Adjunct Faculty Put a New Spin on “Back to School”
“Adjuncts don’t teach for the money,” said Richard Pollak, WCL/JD ’83, a partner at national law firm Troutman Pepper. “We teach because we enjoy teaching and the dynamic with the students.”
Pollak is among a cadre of more than 400 adjuncts whose love of teaching takes them into the classroom at American University Washington College of Law. Starting this year, Pollak—who teaches secured transaction law, legal writing, and contract negotiation—joins a growing movement of adjuncts who are carrying their commitment even deeper.
They are showing their affinity for WCL by donating a portion of their adjunct faculty stipends.
A few years ago, a small group of adjuncts decided to donate back all or part of their salaries to WCL. With the school’s support, this group launched a campaign to raise funds to establish a scholarship at WCL.
Dean William Snape noted that the adjuncts, who “already give a lot through teaching,” are motivated by the strong sense of community at WCL. “I think some people become inspired by the idea of helping someone who wouldn’t otherwise be able to go to law school,” he explained.
Behzad Gohari, who teaches cross-border debt restructuring, is credited for starting the adjunct give-back movement to benefit students. Gohari said he considers “teaching to be the privilege of a lifetime.” “Every year, I learn more from my students. I think giving back to the WCL community is my way of saying thank you,” he said.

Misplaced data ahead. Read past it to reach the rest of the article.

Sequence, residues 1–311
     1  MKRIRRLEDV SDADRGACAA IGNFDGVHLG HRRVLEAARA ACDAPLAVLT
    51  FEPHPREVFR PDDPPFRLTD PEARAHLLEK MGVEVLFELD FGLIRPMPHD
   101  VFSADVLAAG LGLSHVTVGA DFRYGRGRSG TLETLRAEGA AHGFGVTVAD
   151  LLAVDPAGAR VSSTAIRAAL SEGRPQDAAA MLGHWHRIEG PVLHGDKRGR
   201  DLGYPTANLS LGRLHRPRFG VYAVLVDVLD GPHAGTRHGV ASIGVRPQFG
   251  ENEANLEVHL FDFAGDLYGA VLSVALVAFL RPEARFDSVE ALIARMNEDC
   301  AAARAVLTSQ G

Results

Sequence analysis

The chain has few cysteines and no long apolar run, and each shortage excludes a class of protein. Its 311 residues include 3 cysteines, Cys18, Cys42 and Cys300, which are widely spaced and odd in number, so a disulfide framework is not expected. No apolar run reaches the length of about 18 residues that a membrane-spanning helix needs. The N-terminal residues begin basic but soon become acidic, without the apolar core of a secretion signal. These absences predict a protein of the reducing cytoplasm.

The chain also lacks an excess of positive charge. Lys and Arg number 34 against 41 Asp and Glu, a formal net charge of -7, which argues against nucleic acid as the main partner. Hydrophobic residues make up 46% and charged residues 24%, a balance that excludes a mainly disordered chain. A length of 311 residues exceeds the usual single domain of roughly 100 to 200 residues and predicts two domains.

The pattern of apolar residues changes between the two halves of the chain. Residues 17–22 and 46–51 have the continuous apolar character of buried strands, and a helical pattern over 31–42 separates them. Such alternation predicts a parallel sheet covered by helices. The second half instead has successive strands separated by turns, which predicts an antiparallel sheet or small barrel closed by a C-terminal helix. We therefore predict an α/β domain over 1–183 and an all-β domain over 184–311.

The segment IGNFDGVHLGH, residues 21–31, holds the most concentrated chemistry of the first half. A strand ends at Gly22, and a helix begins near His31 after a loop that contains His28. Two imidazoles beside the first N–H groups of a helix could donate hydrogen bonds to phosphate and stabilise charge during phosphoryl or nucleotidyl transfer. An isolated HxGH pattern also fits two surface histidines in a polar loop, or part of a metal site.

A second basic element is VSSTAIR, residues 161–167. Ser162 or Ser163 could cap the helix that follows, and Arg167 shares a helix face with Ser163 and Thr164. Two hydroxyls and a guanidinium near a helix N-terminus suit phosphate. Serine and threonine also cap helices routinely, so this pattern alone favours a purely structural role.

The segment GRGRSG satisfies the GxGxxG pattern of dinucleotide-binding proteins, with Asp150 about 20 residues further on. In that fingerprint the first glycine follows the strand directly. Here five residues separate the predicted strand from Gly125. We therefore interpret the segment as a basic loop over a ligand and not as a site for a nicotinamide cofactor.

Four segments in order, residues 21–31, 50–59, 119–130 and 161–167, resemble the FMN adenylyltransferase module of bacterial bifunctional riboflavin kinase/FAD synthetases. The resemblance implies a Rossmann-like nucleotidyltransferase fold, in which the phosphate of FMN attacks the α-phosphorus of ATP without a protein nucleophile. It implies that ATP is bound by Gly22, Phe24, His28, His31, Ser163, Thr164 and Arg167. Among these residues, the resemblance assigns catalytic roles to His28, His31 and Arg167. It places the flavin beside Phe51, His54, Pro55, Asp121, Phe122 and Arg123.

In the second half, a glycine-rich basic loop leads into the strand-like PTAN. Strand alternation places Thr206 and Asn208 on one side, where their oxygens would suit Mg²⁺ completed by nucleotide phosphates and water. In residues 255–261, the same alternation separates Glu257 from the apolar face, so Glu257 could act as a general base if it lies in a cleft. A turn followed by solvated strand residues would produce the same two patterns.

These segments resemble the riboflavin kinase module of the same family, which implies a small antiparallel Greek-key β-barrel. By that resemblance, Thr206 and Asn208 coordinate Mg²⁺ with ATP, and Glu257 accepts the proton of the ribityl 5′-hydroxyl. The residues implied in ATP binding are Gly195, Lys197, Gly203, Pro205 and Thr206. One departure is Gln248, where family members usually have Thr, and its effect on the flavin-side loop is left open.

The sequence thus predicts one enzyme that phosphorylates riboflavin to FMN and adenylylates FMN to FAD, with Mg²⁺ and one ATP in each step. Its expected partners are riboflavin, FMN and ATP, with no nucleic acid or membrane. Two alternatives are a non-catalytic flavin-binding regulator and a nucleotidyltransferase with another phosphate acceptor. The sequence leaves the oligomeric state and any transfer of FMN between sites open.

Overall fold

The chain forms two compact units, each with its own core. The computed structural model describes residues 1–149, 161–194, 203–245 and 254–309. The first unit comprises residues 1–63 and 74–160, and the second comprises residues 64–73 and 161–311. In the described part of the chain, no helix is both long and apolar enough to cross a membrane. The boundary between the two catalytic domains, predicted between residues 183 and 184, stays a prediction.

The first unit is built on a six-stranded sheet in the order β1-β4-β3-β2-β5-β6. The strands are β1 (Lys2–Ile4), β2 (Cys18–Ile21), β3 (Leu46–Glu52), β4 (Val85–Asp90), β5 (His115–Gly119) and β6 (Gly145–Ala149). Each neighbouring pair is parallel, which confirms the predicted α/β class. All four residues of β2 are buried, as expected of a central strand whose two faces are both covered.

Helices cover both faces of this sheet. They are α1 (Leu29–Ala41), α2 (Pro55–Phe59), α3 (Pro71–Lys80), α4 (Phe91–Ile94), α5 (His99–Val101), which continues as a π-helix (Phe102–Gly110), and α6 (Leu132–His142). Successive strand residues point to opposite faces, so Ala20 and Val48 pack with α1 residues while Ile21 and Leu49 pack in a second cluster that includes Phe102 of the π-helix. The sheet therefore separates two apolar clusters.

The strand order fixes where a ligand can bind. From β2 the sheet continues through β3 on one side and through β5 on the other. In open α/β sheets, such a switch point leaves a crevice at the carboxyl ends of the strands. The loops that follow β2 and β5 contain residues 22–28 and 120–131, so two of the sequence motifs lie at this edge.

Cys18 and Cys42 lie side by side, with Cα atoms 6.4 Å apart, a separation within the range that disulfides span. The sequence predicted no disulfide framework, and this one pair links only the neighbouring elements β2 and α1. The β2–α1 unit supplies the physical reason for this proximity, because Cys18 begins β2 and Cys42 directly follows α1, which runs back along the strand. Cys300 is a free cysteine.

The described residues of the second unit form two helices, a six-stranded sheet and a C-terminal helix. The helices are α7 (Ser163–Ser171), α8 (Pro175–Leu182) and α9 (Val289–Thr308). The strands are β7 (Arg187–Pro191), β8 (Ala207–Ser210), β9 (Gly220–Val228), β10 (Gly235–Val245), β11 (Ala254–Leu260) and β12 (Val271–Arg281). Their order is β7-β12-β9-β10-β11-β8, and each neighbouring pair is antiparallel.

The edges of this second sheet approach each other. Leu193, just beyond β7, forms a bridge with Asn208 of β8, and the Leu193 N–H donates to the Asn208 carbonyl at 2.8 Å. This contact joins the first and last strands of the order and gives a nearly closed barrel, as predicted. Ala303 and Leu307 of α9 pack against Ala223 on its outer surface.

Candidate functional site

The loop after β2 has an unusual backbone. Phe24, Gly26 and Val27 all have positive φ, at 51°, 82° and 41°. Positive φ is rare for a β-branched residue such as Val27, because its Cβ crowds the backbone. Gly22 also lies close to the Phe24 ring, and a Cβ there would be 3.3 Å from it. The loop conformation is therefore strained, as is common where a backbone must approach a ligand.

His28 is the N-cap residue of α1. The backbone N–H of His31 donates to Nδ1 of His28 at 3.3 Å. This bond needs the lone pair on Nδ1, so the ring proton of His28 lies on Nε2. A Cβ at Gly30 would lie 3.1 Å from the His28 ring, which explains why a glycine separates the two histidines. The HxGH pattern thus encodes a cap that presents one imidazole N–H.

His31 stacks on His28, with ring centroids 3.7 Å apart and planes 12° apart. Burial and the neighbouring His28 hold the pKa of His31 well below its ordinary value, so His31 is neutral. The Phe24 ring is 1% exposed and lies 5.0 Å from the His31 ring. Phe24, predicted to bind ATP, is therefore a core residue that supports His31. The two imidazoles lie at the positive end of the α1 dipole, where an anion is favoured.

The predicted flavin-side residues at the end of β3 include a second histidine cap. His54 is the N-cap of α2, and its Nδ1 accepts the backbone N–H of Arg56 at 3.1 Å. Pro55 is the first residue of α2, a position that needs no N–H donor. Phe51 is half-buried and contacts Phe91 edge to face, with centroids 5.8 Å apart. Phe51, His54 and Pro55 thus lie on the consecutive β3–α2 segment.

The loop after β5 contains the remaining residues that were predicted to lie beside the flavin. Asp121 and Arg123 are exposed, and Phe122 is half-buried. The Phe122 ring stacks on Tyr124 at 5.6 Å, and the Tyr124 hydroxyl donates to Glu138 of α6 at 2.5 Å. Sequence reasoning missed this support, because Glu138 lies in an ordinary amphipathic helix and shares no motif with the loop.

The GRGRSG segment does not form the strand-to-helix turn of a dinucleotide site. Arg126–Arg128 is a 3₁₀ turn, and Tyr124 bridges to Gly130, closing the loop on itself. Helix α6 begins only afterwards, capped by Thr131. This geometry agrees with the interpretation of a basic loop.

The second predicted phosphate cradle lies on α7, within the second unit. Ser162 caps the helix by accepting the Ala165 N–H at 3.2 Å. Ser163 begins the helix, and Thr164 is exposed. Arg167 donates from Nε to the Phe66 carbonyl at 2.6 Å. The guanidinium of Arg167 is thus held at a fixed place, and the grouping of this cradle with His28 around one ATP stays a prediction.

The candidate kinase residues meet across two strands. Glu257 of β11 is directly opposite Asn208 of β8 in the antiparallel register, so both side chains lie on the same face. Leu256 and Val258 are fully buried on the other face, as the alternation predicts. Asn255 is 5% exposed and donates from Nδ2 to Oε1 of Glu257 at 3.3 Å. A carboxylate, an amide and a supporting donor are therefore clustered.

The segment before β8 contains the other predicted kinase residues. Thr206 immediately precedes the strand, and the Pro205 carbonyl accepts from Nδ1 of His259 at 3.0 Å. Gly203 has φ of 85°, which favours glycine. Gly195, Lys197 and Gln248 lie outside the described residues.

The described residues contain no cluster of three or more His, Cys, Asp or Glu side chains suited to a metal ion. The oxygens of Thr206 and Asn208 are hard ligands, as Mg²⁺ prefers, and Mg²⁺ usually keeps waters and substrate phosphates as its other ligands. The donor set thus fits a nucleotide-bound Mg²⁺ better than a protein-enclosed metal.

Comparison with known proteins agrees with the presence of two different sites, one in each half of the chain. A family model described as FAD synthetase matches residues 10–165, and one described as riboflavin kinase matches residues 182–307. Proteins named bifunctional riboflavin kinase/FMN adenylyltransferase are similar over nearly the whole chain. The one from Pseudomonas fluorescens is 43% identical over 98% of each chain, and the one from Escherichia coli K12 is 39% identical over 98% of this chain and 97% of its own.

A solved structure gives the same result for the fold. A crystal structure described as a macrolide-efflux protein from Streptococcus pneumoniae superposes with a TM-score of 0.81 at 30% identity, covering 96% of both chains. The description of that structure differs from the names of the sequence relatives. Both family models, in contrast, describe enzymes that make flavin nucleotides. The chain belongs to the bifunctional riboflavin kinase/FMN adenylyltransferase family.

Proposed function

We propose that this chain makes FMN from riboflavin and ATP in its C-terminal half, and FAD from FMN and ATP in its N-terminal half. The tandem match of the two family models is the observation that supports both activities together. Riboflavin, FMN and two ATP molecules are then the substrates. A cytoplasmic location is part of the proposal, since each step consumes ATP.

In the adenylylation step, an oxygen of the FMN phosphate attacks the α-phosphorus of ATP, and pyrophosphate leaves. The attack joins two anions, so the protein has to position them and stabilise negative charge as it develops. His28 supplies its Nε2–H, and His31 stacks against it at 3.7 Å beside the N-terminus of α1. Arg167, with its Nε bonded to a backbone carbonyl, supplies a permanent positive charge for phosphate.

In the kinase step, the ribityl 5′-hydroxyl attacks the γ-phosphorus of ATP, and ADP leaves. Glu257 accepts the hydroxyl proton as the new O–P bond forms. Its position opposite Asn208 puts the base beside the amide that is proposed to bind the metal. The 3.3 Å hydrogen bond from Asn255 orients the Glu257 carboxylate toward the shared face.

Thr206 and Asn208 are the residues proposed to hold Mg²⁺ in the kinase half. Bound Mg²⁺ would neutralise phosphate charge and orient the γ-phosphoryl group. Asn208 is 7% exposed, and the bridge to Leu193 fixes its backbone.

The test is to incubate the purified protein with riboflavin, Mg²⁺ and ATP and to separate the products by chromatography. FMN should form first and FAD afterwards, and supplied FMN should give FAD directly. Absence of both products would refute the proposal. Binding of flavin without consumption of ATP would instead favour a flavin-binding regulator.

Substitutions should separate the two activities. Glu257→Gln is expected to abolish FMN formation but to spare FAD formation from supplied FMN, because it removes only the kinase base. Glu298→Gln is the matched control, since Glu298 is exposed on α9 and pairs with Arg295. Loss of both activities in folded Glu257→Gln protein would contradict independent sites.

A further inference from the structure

Pollak has recruited from the school for his firm and he champions his fellow alumni. “I always advocate for WCL students because I feel they get a really good education,” he said.
He added that his role as an adjunct professor has deepened his engagement with the school. “I’m very grateful for the education I got 38 years ago. Now I try to give back in different ways,” he said.
Scholarships are an essential ingredient of the excellence that WCL provides to its students, and the adjuncts have powered the give-back endeavor into a full-fledged endowed scholarship initiative.
“I feel that my salary is another way I can contribute,” Gohari said. “If this scholarship helps one more amazing student gain access to this storied institution, then that’s a small step to improve the bar.”
He noted that with over 400 adjuncts, even a $10 donation annually would help the scholarship meet its goal: $50,000 by 2024.
Snape said the adjunct give-back momentum is an exciting component of WCL’s forward journey.
“It’s about adjuncts adding further positive energy to the school. This is taking their teaching to the next level. Some adjuncts give because they are also alums, but others give even if they did not graduate from WCL,” Snape said.
“Every donation helps,” Snape added. “We are grateful to our adjuncts for the amazing work they do, and their contributions.”
You don’t have to be an adjunct faculty member to support the give-back momentum. Become a partner in the scholarship drive by making a contribution.